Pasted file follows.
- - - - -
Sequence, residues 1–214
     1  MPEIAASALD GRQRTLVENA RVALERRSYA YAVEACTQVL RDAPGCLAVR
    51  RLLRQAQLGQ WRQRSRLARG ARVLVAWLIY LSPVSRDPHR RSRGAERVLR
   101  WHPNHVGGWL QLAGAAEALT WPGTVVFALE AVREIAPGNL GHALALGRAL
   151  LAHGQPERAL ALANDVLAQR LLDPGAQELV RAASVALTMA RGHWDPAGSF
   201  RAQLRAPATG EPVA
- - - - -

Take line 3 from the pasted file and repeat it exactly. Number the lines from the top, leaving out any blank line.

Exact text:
    51  RLLRQAQLGQ WRQRSRLARG ARVLVAWLIY LSPVSRDPHR RSRGAERVLR